Adviser Update Summer 2016 - Page 38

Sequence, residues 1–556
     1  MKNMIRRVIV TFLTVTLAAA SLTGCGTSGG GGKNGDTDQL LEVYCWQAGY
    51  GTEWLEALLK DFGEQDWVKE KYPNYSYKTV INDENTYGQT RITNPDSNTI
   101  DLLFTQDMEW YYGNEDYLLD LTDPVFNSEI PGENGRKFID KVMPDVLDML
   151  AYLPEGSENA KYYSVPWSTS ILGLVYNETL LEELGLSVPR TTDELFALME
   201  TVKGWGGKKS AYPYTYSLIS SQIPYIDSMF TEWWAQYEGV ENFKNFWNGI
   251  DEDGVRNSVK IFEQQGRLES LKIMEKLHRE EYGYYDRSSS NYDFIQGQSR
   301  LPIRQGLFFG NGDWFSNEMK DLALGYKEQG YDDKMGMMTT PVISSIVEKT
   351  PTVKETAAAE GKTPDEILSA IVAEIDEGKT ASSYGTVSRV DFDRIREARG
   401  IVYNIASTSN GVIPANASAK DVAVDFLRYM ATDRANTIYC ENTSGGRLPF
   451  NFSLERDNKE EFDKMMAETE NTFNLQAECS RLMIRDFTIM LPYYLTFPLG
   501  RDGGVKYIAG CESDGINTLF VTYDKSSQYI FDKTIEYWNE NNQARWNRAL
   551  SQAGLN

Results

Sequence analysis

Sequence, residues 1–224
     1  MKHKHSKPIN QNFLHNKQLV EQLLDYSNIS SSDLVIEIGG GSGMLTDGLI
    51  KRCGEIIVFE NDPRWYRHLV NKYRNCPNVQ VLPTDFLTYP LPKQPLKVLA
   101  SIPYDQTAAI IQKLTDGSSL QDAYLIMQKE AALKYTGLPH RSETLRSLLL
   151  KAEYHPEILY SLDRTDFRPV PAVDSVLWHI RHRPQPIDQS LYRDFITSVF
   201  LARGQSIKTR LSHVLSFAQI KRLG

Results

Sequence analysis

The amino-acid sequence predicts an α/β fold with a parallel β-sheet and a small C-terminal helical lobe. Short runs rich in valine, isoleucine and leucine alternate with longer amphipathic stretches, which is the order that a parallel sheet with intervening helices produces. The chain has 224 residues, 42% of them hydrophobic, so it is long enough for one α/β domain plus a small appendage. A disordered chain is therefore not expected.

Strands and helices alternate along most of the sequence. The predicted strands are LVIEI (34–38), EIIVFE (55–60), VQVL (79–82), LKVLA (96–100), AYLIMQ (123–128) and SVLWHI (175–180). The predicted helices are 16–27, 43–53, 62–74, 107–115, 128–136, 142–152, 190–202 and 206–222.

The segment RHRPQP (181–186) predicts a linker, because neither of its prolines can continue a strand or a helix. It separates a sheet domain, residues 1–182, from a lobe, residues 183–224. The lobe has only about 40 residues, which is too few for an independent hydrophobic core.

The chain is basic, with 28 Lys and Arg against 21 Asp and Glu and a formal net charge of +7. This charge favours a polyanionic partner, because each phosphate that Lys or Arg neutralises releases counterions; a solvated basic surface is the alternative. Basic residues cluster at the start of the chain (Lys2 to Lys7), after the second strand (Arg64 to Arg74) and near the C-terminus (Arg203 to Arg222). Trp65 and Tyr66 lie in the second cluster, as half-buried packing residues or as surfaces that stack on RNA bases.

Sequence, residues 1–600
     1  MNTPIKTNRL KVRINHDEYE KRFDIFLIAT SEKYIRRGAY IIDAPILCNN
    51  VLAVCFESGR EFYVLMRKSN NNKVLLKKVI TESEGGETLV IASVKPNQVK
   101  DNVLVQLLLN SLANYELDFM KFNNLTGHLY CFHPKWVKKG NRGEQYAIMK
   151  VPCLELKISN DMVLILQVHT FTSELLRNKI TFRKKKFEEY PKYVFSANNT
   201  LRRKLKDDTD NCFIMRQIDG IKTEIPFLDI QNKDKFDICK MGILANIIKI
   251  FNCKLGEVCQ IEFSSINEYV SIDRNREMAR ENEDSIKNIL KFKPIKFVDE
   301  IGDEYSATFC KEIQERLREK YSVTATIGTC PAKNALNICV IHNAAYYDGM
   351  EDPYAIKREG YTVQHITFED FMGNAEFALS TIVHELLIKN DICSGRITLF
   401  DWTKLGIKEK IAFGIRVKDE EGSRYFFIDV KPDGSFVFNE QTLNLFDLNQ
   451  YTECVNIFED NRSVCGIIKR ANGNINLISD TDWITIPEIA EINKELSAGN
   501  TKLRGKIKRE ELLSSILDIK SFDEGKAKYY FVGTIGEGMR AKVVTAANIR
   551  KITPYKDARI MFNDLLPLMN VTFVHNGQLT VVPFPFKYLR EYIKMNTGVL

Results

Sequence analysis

What did you learn from your experience as a participant in the EchoXtra 2015 celebration at Cantigny? Any insights about the potential of alumni voices? At the EchoXtra 2015 celebration at Cantigny, I probably talked to 40 dinner guests during the celebration and not one of them was making a living as a full-time professional journalist. There were lawyers, psychiatrists, college administrators, investment managers and even an astronaut, but not one person working in a newsroom. Yet they all felt a powerful sense of gratitude for their high school journalism experience. That tells me that there’s a potentially powerful network of supporters across all industries and fields, people who may never have pursued a news-gathering career but who still value journalism and want the next generation to have the same experience. That is a resource that could benefit every journalism program if we simply put in the effort to identify and to connect with our most natural allies. What does journalism lose when scholastic media alumni are silent about the value of their journalism education? Imagine what would happen if a school or a college tried to discontinue football. The booster community would rise up with such ferocity that the decision almost certainly would be turned around. But in the absence of ACTION: - To support SPLC efforts to expand freedom of expression laws to more states, use this link. • A tax-deductible donation of any size to the Student Press Law Center also rewards donors with free resources provided by the EchoXtra 2015 committee as availability permits. a fierce and well-organized “booster club,” journalism — which has civic benefits for the entire community far beyond those of athletics — is in danger of dying out at all but the most committed schools. We are living in a dangerous time for journalism because of the obsessive imageconsciousness of schools and colleges. Those who understand and appreciate journalism need to speak up and explain how journalism is a solution and not a problem. They must explain how journalism prepares students for workplace success, how it makes students more civically aware and participatory and how it teaches ethical publishing habits at a time when there is such a dearth of responsible online behavior. How could alumni be active supporters of freedom of expression and the efforts of the Student Press Law Center? Why should advisers encourage media alumni to become financial backers of SPLC? Whether it is through the SPLC or whether it is through a booster organization in their school community, we hope everyone who has realized professional success attributable to the training obtained in a student newsroom will repay that debt by sharing the wealth. The Student Press Law Center speaks for those in student media who are too frightened to speak for themselves, students and teachers who have been threatened for stirring up controversy or making uncomfortably candid observations about their schools’ shortcomings. Those who cannot donate financially can donate their time by joining or starting “New Voices” campaigns in their home states to enact laws that reverse the cancerous impact of the Supreme Court’s Hazelwood ruling. There are active New Voices organizations now in Illinois, Maryland, Michigan, Minnesota, New Jersey and Wisconsin. In addition, organizations are being formed in at least 15 other states. Legislators need to hear from a diverse a cross section of citizens in every state that the censorship of students’ journalism work is an outdated educational practice that needs to be outlawed. Howard Spanogle Howard Spanogle, retired adviser of the Glenbard East Echo (Lombard, Illinois), was drafted as consultant for a celebration of Echo staffs, 1967 to 1993, at EchoXtra 2015. The event, which included raising money for Student Press Law Center, welcomed approximately 200 alumni. The assistant editor of Communication: Journalism Education Today found himself advising and being advised by former students who wrote creative essays, designed a conceptual memory book, produced an Echo History CD and created four YouTube videos. CONNECTIONS Retired Glenbard East adviser Howard Spanogle found new stories in every corner of the Cantigny banquet room. Before the event, Judy Coomes, a 1971 department editor and a French teacher in an innovative school in New Hampshire, began catching up with Echo history by reading the Teenagers Themselves Trilogy, published in the 1980s. She discovered her questions as an Echo leader had made a major impact on editors in later decades. Coomes learned she was part of a persistent Echo staff from 1967 to 1993. Photo by Ray Cubberley What did you learn from your experience as a participant in the EchoXtra 2015 celebration at Cantigny? Any insights about the potential of alumni voices? At the EchoXtra 2015 celebration at Cantigny, I probably talked to 40 dinner guests during the celebration and not one of them was making a living as a full-time professional journalist. There were lawyers, psychiatrists, college administrators, investment managers and even an astronaut, but not one person working in a newsroom. Yet they all felt a powerful sense of gratitude for their high school journalism experience. That tells me that there’s a potentially powerful network of supporters across all industries and fields, people who may never have pursued a news-gathering career but who still value journalism and want the next generation to have the same experience. That is a resource that could benefit every journalism program if we simply put in the effort to identify and to connect with our most natural allies. What does journalism lose when scholastic media alumni are silent about the value of their journalism education? Imagine what would happen if a school or a college tried to discontinue football. The booster community would rise up with such ferocity that the decision almost certainly would be turned around. But in the absence of ACTION: - To support SPLC efforts to expand freedom of expression laws to more states, use this link. • A tax-deductible donation of any size to the Student Press Law Center also rewards donors with free resources provided by the EchoXtra 2015 committee as availability permits. a fierce and well-organized “booster club,” journalism — which has civic benefits for the entire community far beyond those of athletics — is in danger of dying out at all but the most committed schools. We are living in a dangerous time for journalism because of the obsessive imageconsciousness of schools and colleges. Those who understand and appreciate journalism need to speak up and explain how journalism is a solution and not a problem. They must explain how journalism prepares students for workplace success, how it makes students more civically aware and participatory and how it teaches ethical publishing habits at a time when there is such a dearth of responsible online behavior. How could alumni be active supporters of freedom of expression and the efforts of the Student Press Law Center? Why should advisers encourage media alumni to become financial backers of SPLC? 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